Investigation of Different Fan Noise Prediction Methods
2.5 Noise Prediction by Analytical or Numerical Models
Fan noise prediction is a necessary stage in all modern fan design processes. For the noise prediction a lot of different methods exist, which can be roughly categorized in three different classes. The first class contains empirical methods, based on geometry and operating conditions. They are very fast and easy to apply. The second class contains semi-empirical methods that are partly based on flow quantities from measurements or simulations. These methods shall represent the actual operating conditions in a better way, but are more time consuming since the flow quantities must be obtained. The third class contains methods that compute the noise radiation directly from fluctuating quantities of the transient flow. These methods give a good insight in the contribution to the overall sound level from different sound sources. Due to the need of transient flow data, this class of methods is highly demanding in computational power.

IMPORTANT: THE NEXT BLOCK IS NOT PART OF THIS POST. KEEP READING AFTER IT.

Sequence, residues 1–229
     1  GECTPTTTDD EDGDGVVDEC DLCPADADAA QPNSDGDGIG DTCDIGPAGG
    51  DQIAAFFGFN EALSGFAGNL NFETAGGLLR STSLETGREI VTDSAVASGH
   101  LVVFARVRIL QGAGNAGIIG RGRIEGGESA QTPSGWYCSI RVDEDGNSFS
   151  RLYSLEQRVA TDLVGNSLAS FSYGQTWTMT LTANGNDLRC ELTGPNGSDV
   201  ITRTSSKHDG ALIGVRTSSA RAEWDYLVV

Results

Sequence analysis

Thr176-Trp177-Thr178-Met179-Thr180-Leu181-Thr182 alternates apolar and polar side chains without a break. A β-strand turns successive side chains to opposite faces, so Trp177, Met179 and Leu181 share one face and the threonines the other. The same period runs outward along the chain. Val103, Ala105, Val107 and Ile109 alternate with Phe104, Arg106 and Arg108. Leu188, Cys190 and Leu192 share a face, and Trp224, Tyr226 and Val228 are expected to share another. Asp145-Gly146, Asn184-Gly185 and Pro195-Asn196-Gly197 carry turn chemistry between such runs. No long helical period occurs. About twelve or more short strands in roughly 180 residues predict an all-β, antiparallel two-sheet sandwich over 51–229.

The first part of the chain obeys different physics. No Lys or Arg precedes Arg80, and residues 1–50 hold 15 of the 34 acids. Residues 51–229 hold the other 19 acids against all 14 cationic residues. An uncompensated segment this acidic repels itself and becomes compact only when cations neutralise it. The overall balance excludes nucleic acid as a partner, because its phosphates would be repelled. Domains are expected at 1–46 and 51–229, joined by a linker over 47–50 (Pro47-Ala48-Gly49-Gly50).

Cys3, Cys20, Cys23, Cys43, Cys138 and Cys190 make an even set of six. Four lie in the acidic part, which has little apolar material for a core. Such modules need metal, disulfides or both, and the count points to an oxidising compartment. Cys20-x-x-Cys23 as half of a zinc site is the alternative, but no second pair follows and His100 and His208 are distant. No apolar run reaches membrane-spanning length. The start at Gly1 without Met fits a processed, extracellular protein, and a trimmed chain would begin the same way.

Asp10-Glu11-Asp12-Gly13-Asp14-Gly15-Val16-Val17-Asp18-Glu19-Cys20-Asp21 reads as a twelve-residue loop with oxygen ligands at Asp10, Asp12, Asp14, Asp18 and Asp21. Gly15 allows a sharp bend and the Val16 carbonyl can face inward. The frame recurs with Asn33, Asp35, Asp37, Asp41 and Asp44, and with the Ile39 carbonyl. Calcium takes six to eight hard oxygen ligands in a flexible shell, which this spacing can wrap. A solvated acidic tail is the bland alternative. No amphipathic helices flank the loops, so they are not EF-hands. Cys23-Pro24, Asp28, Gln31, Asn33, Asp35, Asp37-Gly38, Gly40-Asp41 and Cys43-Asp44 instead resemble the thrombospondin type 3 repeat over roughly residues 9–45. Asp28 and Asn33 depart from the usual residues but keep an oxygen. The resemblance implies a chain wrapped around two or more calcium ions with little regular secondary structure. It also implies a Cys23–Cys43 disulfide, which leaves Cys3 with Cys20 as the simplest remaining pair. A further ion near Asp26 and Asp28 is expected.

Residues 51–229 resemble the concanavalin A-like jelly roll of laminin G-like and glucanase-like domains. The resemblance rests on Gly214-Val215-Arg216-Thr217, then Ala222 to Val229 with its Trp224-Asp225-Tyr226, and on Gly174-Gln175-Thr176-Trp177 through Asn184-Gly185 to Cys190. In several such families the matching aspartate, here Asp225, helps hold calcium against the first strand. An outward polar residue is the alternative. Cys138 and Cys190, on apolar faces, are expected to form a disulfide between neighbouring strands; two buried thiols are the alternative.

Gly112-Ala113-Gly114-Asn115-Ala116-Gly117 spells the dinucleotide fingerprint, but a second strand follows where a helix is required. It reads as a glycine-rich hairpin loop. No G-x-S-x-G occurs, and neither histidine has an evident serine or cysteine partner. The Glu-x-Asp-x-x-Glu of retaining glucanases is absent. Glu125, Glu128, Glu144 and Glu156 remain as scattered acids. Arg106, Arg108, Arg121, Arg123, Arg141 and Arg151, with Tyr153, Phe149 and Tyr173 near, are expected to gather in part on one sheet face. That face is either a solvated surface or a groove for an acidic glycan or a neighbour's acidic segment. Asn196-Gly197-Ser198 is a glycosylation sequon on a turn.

In our contribution we compare different methods from all three classes and apply them to a low-pressure axial fan. The fan used for the application is a previously published benchmark case. The generic fan is a typical fan to be used in commercial applications. The rotor benchmark fan provides an extensive amount of measurement data including aerodynamic performance (volume flow rate, pressure rise and efficiency), wall pressure fluctuations in the tip gap region, fluid mechanical quantities on the fan suction and pressure side (velocity in three spatial direction and turbulent kinetic energy) and acoustic spectra at different microphone positions. Our numerical approach from class three is based on a forward coupling between a flow simulation with ANSYS Fluent and an aeroacoustic source term and wave propagation computation with multiphysics research software CFS++. The comparison of the different methods and the measurement include averaged sound power level as well as spectral sound power level.